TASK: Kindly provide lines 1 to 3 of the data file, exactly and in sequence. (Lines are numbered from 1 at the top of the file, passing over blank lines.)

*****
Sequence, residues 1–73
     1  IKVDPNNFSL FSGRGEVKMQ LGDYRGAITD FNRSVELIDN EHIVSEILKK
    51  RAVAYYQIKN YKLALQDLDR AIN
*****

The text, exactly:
Sequence, residues 1–73
     1  IKVDPNNFSL FSGRGEVKMQ LGDYRGAITD FNRSVELIDN EHIVSEILKK
    51  RAVAYYQIKN YKLALQDLDR AIN